Marriage isn't something that human beings envisioned (it really doesn't make a whole lot of sense for people to have made it up- why not just live with someone you love forever?), marriage was instituted by God.
    I agree we can't just say (e.g. in Leviticus) that some laws apply and some don't- you need to look at why those rules were created, when they were created, by whom (or Whom) they were created. Is it a cultural law, a natural law, a law for the Jews, a law for all of us? But I think Paul reiterates what God's intentions were originally for us in marital/sexual relationships when he stated in Romans 1:26 and 27 that there was a difference between 'natural' acts and shameful 'unnatural' ones.
    Just my thoughts.
    I do believe in accepting all peoples into our church families though. If our sins counted against us at the door, I'd never be allowed in :)

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  7. Nice thoughts, on a very complex matter, I have been very concerned by the nature of the debate. I think that anonymous has raised an interesting question what is the nature and understanding of marriage outside the church. I always feel that there are two completely different arguments happening whenever this topic is discussed.

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  8. I am an imposter here and I hope you don't mind me posting a few thoughts here. You have written some interesting thoughts which (believe it or not) lead me to these thoughts below. Ponder on the fact that, even outside the church, pretty much all cultures have some kind of institution of Marriage, and it is always between man and woman. You can look anywhere in the world and it is the same. I feel that this is because the institutions that different cultures have come up with reflect the fact that our human nature has the 'role' of marriage imprinted on our souls from almost the beginning of time. Early in Genesis, it says that God created man in the image of Himself, and it then goes on to repeat this by saying "in the image of God He created him," followed by "male and female He created them". We always talk about our dignity as humans, basing it upon this passage, referring to the fact that God has granted mankind alone out of the whole of physical creation both a will and an intellect. It strikes me though, that one part that often gets missed is the comment at the end - "male and female He created them". This is significant, I believe, that in His image we were created as male or female. This suggests to me that our dignities are not exclusive from our genders, and that our genders are a Holy part of us. Furthermore, just as Christ is the Knowledge and Love that the Father has of Himself, and that the Holy Spirit is the Knowledge and Love that the Father and Son have for each other (pardon the brevity and crudity of all of that), so this can be seen to be roughly reflected in the fact that woman was made of part of the man, and that the love they share is open to the creation of a new life! Heavy stuff when you try to think it through, but what I am currently thinking all of this leads to is the fact that God Himself instituted Marriage through the fact that He has included it as part of our nature.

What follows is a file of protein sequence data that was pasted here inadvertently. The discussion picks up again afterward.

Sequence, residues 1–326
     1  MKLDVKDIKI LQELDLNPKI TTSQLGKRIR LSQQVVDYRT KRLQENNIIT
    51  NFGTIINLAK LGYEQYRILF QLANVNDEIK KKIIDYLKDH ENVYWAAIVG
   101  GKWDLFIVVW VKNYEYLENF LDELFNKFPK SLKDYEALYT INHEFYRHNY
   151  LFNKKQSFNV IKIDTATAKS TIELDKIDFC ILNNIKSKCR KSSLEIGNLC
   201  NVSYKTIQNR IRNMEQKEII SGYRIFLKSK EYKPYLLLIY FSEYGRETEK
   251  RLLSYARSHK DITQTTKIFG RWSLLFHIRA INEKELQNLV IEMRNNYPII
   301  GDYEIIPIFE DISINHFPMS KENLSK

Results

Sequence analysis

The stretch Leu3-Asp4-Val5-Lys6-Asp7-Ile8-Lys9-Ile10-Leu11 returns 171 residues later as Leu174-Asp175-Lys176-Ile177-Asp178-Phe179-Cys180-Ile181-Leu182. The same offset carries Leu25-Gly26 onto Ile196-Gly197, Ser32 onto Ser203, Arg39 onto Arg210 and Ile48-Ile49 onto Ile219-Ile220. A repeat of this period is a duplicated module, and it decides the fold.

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  9. We either believe in and be liberated by the truths in the bible through Christ or not. 2 Tim 4:3-4
    When we start re-defining marriage we are eroding one of the moral pillars of society. Same sex marriage does not fit the definition of marriage. If people wish to be in a gay relationship that is their business. But according to my bible they are still living in sin. 1 Corinthians chapter 6 is a great chapter to read with the message that as such were some of you (homosexual among the sin mentioned), but you were washed, but you were sanctified, but you were justified in the name of the Lord Jesus and by the Spirit of our God... also in the chapter it tells us to flee sexual immorality because we were bought for a price. Some must feel that the price paid for our bodies must not have been good enough to continue living in a homosexual relationship and still claim to be a follower of Christ. We either believe in what Paul has declared to us, or reject it. There's no middle ground.

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  10. p.s. Gee, when Paul says to flee sexual immorality and that adulterers nor homosexuals or sodomites nor thieves etc will not inherit the kingdom of God, what does he really mean??? Lets see. Is it o.k. that adulteres can still be adulterers and still call themselves bible believing Christians and still remain in the sexual activity because that was the way they were born? What about a thief? ARE WE DISCRIMINATIONG AGAINST the thief because we say to him or she that what they are doing is wrong? What about a Peapophile? That is ntheir sexual preference... and yet it is wrong? It doesn't take much interpretation to work out what Paul means when he says that homosexuals will not inherit the kingdom of God and to flee sexual immorality. It couldn't be clearer. But hey, lets interpret it until we make it suit ourselves.

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  11. Thanks for this Adam - I found it interesting. I would also like to raise the point that the word"homosexuality" was not around in biblical times it is in fact a 20th Century term, so we really have to be carefull when discussing what the bible says about homosexuality. It does give clear guidlines on what is appropriate sexual behaviour, but it is also what has been acceptable behaviour over the preceeding milleniums. But an interesting topic...